by Joanna Dolgoff, M.D. pediatrician and child obesity specialist
Increasing food prices have more and more shoppers looking for ways to save money at the grocery store without sacrificing nutrition. For those of you who fall into this category, you’ll be happy to know that eating healthier foods can actually save you money. Savings can come from reducing portion sizes and from buying fewer of the high-calorie foods that tend to increase the amount spent at the grocery store. People tend to spend a lot on those "extras" -- foods that add calories but little nutritional value, like sodas, bakery items, and chips.
There’s no magic formula to buying or cooking healthy foods on a budget. It takes a little planning and creativity. But if think of the rewards— better health and more money—you’ll find it’s worth the effort. After all, health is wealth! Here are few ideas that will save you a little green (while also being green lights themselves):
Buying in bulk is almost always cheaper: With the advent of Sam's Club and Costco, you can save big time because the discount for bulk items beats the cost of purchasing individual products. You can either become a member yourself and pay the annual associated fees or you can ask a friend who has a membership to add you to their account. You will have the same benefits for less overhead.
Buy generic: Generic brands can provide a great savings! Stores deliberately place the highest-priced brand-name items at eye level, so be sure to literally look high and low for cheaper store brand labels.
Go frozen or canned: Frozen and canned fruits and vegetables are healthy choices with a long shelf life. Skip ones packed in sauces and sugary syrups and look for low-salt options.
Buy sale items: Only if you know what to do with the food! Take advantage of specials on staple—broth, soups, pasta, rice, canned veggies, even bread and meat. Many of these items have a long shelf life or can be frozen for short periods of time.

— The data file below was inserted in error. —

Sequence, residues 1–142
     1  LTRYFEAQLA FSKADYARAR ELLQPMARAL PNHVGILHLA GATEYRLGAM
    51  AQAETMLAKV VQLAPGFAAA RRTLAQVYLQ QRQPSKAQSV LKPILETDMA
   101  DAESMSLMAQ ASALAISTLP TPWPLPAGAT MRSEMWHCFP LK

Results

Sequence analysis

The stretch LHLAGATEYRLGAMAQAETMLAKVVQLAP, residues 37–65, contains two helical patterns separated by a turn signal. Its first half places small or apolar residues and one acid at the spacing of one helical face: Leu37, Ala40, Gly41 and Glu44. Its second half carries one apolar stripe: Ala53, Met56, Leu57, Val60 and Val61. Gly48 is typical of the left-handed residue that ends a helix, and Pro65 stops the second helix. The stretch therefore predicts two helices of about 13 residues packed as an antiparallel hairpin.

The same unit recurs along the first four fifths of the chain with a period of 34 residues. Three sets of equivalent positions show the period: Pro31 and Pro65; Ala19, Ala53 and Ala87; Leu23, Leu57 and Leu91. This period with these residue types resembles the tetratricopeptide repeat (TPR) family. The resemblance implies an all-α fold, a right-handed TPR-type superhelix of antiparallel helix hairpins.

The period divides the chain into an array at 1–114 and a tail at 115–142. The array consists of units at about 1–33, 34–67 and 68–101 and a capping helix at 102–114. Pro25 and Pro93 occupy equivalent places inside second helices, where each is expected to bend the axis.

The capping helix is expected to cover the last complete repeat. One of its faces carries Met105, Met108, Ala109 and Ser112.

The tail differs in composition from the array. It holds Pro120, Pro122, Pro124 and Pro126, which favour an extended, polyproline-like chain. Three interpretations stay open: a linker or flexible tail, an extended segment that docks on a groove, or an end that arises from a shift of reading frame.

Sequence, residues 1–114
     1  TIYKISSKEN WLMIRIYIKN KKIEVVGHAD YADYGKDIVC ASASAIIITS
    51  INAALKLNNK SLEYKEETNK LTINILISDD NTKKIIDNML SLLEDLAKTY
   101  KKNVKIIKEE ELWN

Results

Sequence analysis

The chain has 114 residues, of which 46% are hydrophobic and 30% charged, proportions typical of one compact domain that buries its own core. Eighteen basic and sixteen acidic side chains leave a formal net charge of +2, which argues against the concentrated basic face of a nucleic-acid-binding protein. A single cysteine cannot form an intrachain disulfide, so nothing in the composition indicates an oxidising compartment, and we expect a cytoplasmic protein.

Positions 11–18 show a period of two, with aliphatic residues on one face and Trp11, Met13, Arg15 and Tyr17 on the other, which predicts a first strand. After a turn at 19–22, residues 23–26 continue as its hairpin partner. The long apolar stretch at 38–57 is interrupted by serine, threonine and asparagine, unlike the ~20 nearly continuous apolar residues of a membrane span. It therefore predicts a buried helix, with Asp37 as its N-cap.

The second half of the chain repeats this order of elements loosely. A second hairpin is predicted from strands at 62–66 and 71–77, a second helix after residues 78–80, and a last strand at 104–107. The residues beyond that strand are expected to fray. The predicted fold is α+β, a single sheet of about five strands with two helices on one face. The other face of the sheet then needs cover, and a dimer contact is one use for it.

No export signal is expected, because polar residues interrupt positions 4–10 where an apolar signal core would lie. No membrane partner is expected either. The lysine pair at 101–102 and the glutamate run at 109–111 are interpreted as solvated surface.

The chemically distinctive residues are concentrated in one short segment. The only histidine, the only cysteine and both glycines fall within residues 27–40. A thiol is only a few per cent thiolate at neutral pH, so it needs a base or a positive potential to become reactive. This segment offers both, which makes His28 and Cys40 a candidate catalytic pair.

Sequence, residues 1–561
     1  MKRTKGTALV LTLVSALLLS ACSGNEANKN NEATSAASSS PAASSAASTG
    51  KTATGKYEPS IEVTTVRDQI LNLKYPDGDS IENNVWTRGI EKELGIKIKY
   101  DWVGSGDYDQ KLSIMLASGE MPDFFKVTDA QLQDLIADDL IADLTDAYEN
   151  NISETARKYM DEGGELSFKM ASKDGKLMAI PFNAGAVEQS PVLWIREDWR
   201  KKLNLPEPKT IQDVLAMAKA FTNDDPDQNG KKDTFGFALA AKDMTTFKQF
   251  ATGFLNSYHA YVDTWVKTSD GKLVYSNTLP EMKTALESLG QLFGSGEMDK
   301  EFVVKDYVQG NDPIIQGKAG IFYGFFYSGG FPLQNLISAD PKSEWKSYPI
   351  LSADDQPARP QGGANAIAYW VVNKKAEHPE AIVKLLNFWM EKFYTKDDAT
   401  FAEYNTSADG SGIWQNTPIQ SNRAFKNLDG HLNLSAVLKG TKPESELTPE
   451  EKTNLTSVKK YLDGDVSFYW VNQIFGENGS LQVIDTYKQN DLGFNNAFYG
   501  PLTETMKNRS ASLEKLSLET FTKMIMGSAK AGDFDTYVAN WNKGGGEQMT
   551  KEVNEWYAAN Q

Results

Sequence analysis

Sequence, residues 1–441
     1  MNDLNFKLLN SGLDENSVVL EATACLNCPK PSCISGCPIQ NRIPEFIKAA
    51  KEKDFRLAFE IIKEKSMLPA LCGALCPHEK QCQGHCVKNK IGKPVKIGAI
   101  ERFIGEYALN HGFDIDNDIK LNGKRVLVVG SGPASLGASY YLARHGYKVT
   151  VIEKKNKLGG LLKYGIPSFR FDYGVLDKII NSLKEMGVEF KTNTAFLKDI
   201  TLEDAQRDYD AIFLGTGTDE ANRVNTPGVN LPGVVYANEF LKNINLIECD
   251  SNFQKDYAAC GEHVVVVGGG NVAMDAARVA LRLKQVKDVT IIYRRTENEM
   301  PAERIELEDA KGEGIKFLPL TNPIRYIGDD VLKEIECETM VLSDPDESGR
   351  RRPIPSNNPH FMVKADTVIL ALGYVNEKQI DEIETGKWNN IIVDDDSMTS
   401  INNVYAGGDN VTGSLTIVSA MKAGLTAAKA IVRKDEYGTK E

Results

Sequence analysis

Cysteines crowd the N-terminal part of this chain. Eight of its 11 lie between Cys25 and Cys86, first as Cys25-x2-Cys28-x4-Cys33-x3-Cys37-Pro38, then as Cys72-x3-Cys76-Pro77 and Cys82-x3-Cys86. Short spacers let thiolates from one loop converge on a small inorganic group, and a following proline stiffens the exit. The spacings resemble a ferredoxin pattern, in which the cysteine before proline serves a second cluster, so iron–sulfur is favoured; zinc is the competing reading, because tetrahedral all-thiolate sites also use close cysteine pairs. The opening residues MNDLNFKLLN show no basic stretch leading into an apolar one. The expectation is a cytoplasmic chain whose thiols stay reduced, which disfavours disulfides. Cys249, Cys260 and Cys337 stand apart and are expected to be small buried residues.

Buy produce in season: Check the food section in your newspaper to find the best buys for the week, based on fresh produce in season. Food in season is usually priced to sell. During the summer months, corn on the cob can cost as little as 10 cents an ear; at other times of the year, it may cost 10 times as much. Also, shop your local farmers' market for great deals on local produce; the prices won't include shipping costs.
Brown-bag it: Making lunch and taking it with you is a great money-saver and an excellent use of leftovers for meals at work, school, or wherever your destination. Packing your lunch not only saves you money, but you can control all the ingredients so they are healthy and low in calories. Pack a simple sandwich, salad, soup, wrap, and use freezer packs and containers to keep food at the proper temperature unless you have access to a refrigerator.
Wait….There’s more! You can get more for your money if you consider the nutritional value of food for the price. For example, sodas and flavored drinks deliver mostly empty calories and could easily be replaced with less expensive sparkling water with a splash of a 100% fruit juice. When comparing food prices based on the number of servings you'll get, along with the food's nutritional contribution, you’ll find many healthier foods give you a big bang your buck. For example, a pound of peaches yields three to four servings. So when you divide the cost per pound, the cost is usually quite reasonable. Here is a list of a few healthy foods you can find in your grocery store for under a dollar that reap huge nutritional rewards.
Prices may vary based on the store, location, and time of year.
Apples - Price: Approximately $1.99/pound. Great for: Snacks, salads, and fruit salads.
Canned Beans (low sodium). Price: You can buy a 15-ounce can for about $1 on sale. Great for: Salads, soups, and chili.
Yogurt (lowfat, or fat-free). Price: 60 cents. This is usually the price for an 8-ounce container of yogurt. Great for: Smoothies, yogurt parfait, dips, and dressings.
Eggs. Price: You can buy about a half dozen of eggs for $1. Great for: omelets, frittatas, egg salad sandwiches for lunch
About the Author:
Dr. Dolgoff’s Weigh: Child and Adolescent Weight Management practice boasts a 96% weight loss success rate. There are offices in Manhattan, N.Y. and Roslyn Heights, N.Y. There is also a national online component (http://www.drweigh.com/) to the program which children all over the country have been using to lose weight.